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Friday thoughts: A testament, born out of desperation

March 22, 2013

Providence hadn’t lost a game all season when it entered the second intermission with a lead, but then Lowell wasn’t about to go down so easily to a team that did little or nothing to convince anyone in attendance or watching on television that they deserved to advance.

The Friars scored relatively early into the first period and spent the entire rest of the game praying for dear life that it would be enough, rather than making the case that it absolutely should be. And in the end, it obviously wasn’t as Lowell put together a decent third period outburst then battened down the hatches. The end result was, as you might expect when playing a team with this meager an offense, that Providence couldn’t find a way to solve Connor Hellebuyck or the stifling Lowell defense in 11:30. Lowell won 2-1, but as with the Maine game last weekend, it wasn’t even that close.

Again, it must be said that Providence roared out of the gates. They pressed the attack even as Lowell tried to put something together for itself, and in the end drew a pair of minor penalties that put the River Hawks very much on their heels. Lowell may have killed both (in fact, they killed every one in the game), but just couldn’t put much together in the immediate aftermath, and ended up conceding the first goal of Kevin Rooney’s career at 8:59, as a shot from Noel Acciari bounced off Hellebuyck, and no one picked up Rooney streaking toward the net.

But like any good prize fighter that didn’t come out of his corner looking particularly strong, that jab really only served to rouse the River Hawks from their slumber. They attempted the next 10 consecutive shots, five of which actually made it to Jon Gillies, who was once again transcendent in this game even as his team did all in its power to give Lowell the lead. Lowell continued to take penalties, but seemed to not be quite so reeling, and looked instead like the team in charge. Before the goal, shots were 7-3 Providence. After that, those numbers were reversed (obviously not including Christian Folin rocketing a shot off the post), and though Lowell went to the dressing room down a man, it looked for all the world as though the goose egg on the scoreboard was going to break open at any second.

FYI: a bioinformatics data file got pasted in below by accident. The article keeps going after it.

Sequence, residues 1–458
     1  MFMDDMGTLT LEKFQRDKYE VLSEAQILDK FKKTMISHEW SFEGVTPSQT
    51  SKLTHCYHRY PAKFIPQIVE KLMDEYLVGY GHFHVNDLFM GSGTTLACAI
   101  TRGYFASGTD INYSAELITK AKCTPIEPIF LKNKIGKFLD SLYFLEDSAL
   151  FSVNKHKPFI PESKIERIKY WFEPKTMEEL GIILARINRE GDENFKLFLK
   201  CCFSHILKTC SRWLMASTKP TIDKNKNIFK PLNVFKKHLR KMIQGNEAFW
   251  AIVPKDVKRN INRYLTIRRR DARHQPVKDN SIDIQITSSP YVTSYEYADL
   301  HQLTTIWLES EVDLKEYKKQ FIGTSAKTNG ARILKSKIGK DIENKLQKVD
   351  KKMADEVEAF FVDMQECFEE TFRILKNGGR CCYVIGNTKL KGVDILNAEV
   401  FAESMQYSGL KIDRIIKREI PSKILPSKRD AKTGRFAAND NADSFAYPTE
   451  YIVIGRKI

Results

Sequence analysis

And it almost did early in the second period, when Lowell actually started getting the puck to the front of the net and Joe Pendenza appeared to have Gillies dead to rights as he moved laterally, but the shot went right into his core; good for trying to put down a perp, bad for trying to score goals in hockey. Lowell continued to press pretty convincingly and Providence wilted all the more, and though the second period was largely uneventful, and came to a close with Providence still leading by a goal, shots ended up 15-7 to the higher seed and the sense of impending doom must have hung heavy in their room.